Although this conference was not specifically designed to focus on Process Analytical Technology (PAT) or Quality by Design (QbD), it was the first I have attended where almost every speaker referred to QbD. Of course, drug products are complex organic delivery systems for the API and much of the QbD emphasis is placed on producing fresh batches. It was refreshing to hear that speakers considered the length of time a drug maintained its deliverability to be an essential element of its design.
|Click here to hear Emil Ciurczak's interview with workshop organizer Saji Thomas (aka associate director for QC operations at Par Pharmaceuticals, Spring Valley, N.Y.). They discuss the industry trends and conditions that necessitated such a workshop, and how Thomas secured buy-in from industry groups including AAPS, EAS, PhRMA, GPhA and CHPA.|
Gary Buehler (Director, Office of Generic Drugs, FDA/CDER) made the expected disclaimer that his opinions did not represent Agency policy, as did all the FDA speakers. The interesting fact covered in his talk was the large number of product recalls based on stability failures. Buehler stressed that QbD should be used to produce a product that delivers the API properly not only when first produced, but for the duration of the life cycle of that lot.
Outside the U.S. Several speakers emphasized that the U.S. is only part (albeit a large part) of the pharmaceuticals-consuming world. When determining conditions for stability testing, real world conditions should be taken into account. These include what happens after a bottle of product is opened as well as when stored under less-than-optimal conditions. Indeed, optimal conditions may not exist at all in developing countries. Saranjit Singh (NIPER, S.A.S. Nager, Punjab, India) pointed out that India has climates ranging from alpine tundra and glaciers in the north to desert in the west to tropical regions in the southwest. Packaging and stability tests should take all these climatic variations into consideration.
Central America and the Caribbean was the region discussed by Anabelle Castro (Roche Servicios, Heredia, Costa Rica). She outlined the applicable requirements: ICH Q1A (R2) and Q1F, EMEA CPMP/QWP/122/02 (rev 1), ICH Q5C, Executive decree #504 (Panama), Decree #33850 (Costa Rica), RTCA11.01.04:05 (GT, HD, NIC & ES), WHO Working document (QAS/06.179.Rev.1) and others for the selection of batches, etc. Castro covered the large number of guidances and requirements that exist in the region and addressed how they can all be met while still making a profit.
The particulars of stability requirements in the Arab countries were discussed by Abdel Aziz Seleh (WHO, EMRO, Alexandria, Egypt). Seleh shared a number of presentations by researchers from throughout his area. Climatic regions were assigned and accordingly, long-term storage conditions were recommended. Conditions varied somewhat from 25°C to 30°C and from 35% to 65% relative humidity. These variations reflect that the region contains arid mountains and deserts as well as more humid and cooler zones. Thus, the storage will more realistically mirror outside conditions.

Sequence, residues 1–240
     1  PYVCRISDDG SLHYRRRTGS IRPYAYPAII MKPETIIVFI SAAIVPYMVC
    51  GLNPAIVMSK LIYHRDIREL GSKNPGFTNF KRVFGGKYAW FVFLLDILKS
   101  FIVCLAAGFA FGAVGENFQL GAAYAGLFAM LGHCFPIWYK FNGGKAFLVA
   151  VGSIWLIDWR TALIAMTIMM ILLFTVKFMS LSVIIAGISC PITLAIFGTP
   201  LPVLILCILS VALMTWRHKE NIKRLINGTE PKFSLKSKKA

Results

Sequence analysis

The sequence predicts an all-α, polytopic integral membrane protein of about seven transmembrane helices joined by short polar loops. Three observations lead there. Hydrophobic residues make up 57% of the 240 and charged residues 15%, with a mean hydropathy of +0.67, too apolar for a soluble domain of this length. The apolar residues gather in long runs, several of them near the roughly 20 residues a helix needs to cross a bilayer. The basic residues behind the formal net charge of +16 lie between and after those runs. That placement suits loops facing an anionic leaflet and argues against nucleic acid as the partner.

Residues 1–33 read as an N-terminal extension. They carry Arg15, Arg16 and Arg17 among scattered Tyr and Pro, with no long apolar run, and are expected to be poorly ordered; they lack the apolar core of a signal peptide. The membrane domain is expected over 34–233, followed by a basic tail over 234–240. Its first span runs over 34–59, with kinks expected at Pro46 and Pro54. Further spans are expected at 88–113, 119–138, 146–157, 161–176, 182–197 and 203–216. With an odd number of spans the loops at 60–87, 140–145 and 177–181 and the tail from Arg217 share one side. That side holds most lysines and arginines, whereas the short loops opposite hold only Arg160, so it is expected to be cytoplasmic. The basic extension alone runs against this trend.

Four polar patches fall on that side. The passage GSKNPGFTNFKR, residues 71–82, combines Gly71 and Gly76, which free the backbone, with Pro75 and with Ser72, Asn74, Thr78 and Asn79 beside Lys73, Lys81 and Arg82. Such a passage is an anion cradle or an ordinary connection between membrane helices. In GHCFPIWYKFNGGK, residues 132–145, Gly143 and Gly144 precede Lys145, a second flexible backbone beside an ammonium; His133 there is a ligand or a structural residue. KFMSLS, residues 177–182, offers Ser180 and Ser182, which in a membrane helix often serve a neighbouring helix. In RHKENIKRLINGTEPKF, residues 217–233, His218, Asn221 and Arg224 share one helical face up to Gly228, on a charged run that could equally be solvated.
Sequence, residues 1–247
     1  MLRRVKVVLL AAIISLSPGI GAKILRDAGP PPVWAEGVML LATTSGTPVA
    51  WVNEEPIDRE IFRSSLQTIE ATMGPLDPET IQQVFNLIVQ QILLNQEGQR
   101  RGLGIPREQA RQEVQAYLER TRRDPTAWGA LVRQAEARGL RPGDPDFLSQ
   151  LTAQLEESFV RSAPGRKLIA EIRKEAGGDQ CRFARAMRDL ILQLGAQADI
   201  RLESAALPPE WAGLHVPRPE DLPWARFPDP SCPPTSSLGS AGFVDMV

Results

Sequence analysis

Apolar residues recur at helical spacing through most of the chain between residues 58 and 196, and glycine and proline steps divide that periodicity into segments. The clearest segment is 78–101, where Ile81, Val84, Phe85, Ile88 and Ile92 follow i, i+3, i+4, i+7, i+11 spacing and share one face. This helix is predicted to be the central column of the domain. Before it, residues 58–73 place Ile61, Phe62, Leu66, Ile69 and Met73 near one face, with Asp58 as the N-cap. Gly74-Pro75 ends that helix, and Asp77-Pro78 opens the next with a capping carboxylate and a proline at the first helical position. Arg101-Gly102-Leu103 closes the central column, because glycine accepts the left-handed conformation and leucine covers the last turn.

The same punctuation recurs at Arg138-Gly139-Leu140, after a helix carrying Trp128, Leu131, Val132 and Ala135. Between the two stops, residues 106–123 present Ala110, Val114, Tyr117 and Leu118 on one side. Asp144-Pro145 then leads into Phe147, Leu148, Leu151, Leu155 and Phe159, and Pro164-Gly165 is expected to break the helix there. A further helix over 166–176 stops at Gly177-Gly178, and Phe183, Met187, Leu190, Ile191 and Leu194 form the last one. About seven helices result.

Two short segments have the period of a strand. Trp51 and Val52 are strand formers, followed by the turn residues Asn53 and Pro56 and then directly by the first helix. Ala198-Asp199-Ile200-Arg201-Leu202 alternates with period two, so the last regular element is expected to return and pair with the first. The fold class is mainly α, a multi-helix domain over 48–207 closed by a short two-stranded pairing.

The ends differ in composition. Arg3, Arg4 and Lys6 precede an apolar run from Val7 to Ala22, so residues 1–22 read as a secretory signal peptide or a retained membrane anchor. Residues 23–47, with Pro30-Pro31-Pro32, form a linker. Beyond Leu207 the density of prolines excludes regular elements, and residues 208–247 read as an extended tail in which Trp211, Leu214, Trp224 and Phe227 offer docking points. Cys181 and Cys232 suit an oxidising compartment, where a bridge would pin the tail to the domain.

In a similar approach, Lucky S. Slamet (NADFC, Indonesia) spoke about the ASRAN zone IV and ASEAN guidelines on stability studies. The major difference from the other papers was that for studies in this region, the upper limit for humidity would be 75% in order to mirror local conditions.
In transit Outside the normal purview of stability testing would be the time a product spends in-transit/storage at third-party warehouses. Timothy Schofield (Merck & Co., West Point, Pa.) addressed the issue of excursions during transport. Using ICH guidance, Schofield explained several models for predicting shelf life after a temperature excursion. Different regions use different models and methods for prediction. Indeed, he noted that finding the trigger for what constitutes an excursion also varies from one location to another.
Schofield described some complex release models and used risk analysis to attempt to recalculate expiry dates. After going over the assumptions and known or assumed storage conditions, he demonstrated some means of recalculation (for example, the Principle of Similar Triangles).
Split tablets and repackaging Given that I administer split tablets to my dog, this topic caught my attention. Due to HMO costs, a number of physicians prescribe a stronger dose of medicine, instructing the patient to split the tablets, thus saving on prescription costs. Repackaging from larger bottles to smaller containers or even blister packs by distributors may not give the same lifetimes as when products are tested in-house in the original containers.
Vilayat Sayeed (FDA/CDERs Office of Pharmaceutical Science) gave real world examples of the stability profiles of split tablets. Using Gabapentin and an OTC product with four actives as examples, he showed potency and dissolution results from the studies. As well, he performed thermal analysis tests. His conclusions were that type G1 and G2 tablets were unaffected, while G3 tablets showed a decline in properties. These results were based on sample weight, hardness, potency, moisture, dissolution, and TGA and DSC experiments.